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postdoc position

niyogi at nature.berkeley.edu niyogi at nature.berkeley.edu
Mon Apr 20 12:04:46 EST 1998

University of California, Berkeley

Postdoctoral positions are available to study responses of
photosynthetic organisms to excessive light.  The laboratory uses a
combination of genetic and physiological approaches to characterize
Chlamydomonas and Arabidopsis mutants defective in regulation of
photosynthesis and/or antioxidant metabolism.  Candidates are sought to
join either of two ongoing research projects.

One project is focused on Chlamydomonas mutants that are defective in
xanthophyll metabolism (Plant Cell 9: 1369-1380 [1997]), especially a
mutant lacking zeaxanthin and lutein that undergoes photo-oxidative
bleaching in high light (PNAS 94: 14162-14167 [1997] --
http://www.pnas.org/cgi/content/full/94/25/14162).  Biochemical methods
will be used to characterize the types of oxidative damage and
antioxidant responses that occur in xanthophyll mutants compared to the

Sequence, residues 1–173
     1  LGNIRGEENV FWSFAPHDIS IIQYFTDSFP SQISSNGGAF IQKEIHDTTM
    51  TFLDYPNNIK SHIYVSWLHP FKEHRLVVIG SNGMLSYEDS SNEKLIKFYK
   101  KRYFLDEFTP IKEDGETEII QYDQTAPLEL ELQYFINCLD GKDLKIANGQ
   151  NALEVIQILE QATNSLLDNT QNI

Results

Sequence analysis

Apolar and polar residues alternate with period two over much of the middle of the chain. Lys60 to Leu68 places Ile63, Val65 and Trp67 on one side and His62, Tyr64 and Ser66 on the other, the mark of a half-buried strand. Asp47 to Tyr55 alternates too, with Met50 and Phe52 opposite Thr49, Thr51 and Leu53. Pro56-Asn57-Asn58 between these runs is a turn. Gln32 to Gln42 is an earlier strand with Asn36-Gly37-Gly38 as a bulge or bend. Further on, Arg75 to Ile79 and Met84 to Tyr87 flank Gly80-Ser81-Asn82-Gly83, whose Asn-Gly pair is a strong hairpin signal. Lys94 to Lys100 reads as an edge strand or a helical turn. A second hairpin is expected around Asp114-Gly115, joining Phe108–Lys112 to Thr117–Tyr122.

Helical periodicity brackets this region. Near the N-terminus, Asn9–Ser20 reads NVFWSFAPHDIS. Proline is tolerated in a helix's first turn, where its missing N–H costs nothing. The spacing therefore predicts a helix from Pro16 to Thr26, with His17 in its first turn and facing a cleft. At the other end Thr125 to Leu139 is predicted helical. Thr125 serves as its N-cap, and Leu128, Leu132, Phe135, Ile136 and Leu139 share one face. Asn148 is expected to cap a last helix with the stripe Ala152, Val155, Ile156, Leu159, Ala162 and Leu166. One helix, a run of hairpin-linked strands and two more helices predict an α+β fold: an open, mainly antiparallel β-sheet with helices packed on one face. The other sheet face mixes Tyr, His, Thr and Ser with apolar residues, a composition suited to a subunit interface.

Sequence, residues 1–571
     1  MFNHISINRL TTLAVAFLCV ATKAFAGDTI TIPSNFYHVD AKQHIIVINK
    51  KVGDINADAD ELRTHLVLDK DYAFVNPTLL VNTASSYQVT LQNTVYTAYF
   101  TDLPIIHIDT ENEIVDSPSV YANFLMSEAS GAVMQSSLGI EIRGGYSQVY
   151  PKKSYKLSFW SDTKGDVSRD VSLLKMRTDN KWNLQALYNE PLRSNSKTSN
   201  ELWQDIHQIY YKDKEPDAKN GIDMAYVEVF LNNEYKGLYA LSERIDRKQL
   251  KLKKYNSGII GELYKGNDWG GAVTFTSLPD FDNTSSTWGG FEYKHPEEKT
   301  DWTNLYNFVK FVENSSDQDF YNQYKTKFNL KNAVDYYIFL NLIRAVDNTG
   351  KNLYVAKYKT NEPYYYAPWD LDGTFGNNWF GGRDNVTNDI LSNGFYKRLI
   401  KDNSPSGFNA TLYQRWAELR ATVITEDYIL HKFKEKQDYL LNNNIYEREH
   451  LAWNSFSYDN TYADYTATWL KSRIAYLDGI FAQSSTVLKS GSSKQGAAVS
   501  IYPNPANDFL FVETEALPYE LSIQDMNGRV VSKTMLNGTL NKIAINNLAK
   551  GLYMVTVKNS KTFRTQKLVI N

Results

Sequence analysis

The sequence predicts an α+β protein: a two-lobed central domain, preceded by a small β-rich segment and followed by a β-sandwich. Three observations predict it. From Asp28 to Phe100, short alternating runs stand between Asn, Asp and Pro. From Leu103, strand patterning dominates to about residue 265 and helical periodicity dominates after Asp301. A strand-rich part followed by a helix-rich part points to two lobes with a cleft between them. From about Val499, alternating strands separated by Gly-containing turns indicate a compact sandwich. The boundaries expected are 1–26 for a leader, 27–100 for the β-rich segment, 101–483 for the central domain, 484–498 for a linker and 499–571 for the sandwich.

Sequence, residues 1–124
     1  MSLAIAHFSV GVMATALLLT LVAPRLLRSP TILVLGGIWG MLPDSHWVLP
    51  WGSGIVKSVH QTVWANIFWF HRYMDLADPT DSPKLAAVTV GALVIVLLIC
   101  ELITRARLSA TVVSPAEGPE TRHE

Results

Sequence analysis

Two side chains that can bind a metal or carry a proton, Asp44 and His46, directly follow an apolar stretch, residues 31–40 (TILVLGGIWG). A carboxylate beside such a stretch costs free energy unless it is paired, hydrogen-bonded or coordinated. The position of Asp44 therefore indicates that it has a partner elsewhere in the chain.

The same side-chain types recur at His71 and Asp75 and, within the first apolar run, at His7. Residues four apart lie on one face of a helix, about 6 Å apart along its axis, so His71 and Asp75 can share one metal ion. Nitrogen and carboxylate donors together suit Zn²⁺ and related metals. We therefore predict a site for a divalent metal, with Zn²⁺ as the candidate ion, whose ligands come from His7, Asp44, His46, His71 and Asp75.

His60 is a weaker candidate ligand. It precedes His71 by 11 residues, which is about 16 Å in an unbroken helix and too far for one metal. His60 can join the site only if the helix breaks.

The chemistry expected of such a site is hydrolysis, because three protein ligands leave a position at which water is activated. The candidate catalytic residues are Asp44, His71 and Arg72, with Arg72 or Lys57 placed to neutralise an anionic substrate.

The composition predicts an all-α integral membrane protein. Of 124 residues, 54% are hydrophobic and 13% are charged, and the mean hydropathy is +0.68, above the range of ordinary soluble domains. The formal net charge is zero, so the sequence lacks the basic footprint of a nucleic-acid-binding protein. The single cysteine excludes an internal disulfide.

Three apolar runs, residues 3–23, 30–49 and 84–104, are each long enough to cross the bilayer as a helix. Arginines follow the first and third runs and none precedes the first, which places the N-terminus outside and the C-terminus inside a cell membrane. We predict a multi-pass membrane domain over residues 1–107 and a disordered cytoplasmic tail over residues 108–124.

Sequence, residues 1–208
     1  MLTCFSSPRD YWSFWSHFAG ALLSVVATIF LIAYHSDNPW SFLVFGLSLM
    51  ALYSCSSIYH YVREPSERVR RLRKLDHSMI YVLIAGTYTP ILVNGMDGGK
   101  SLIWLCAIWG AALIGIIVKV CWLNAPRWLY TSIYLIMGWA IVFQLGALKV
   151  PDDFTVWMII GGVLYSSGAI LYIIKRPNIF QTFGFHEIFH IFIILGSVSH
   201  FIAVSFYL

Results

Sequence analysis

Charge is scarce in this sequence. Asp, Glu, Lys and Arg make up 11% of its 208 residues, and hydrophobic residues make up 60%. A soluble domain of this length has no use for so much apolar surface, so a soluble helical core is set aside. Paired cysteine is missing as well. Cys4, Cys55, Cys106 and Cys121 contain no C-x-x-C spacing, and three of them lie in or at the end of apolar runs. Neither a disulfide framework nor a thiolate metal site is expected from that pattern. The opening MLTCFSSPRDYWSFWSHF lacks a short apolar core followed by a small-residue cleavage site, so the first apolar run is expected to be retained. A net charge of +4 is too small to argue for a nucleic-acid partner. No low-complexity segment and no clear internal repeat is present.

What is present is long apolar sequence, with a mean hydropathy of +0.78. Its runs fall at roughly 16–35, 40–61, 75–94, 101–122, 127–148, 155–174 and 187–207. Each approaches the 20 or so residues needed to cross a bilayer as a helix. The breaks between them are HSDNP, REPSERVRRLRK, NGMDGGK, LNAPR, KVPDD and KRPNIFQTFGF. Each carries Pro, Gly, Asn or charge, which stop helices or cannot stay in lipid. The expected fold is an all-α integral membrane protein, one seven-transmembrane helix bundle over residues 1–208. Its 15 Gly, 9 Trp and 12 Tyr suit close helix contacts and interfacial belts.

wild type.  The phenotypes of the xanthophyll mutants will be exploited
to identify new mutants affecting antioxidant metabolism in

The second project concerns the dissipation of excess absorbed light
energy as measured by nonphotochemical quenching of chlorophyll
fluorescence.  A collection of Arabidopsis npq mutants that are
defective in nonphotochemical quenching has been isolated by digital
video imaging of chlorophyll fluorescence, and characterization of
mutants that are impaired in the xanthophyll cycle has confirmed the
involvement of specific xanthophylls.  However, several npq mutants
have normal pigment composition and therefore define molecules besides
the xanthophylls that are required for nonphotochemical quenching.
Molecular genetic and biochemical methods will be used to identify the
genes and proteins that are affected in these novel mutants, and
physiological characterization of the mutants will enable critical
assessment of the importance of nonphotochemical quenching in

A strong background in molecular genetics and biochemistry is required.
 Preference will be given to applicants with potential to obtain
independent funding.

To apply, send letter of application and CV and request that three
letters of reference be sent to:  Krishna K. Niyogi, Department of
Plant and Microbial Biology, 111 Koshland Hall, University of
California, Berkeley, CA 94720-3102, FAX (510) 642-4995, e-mail
niyogi at nature.berkeley.edu.  A brief overview of research in the
laboratory can be found at

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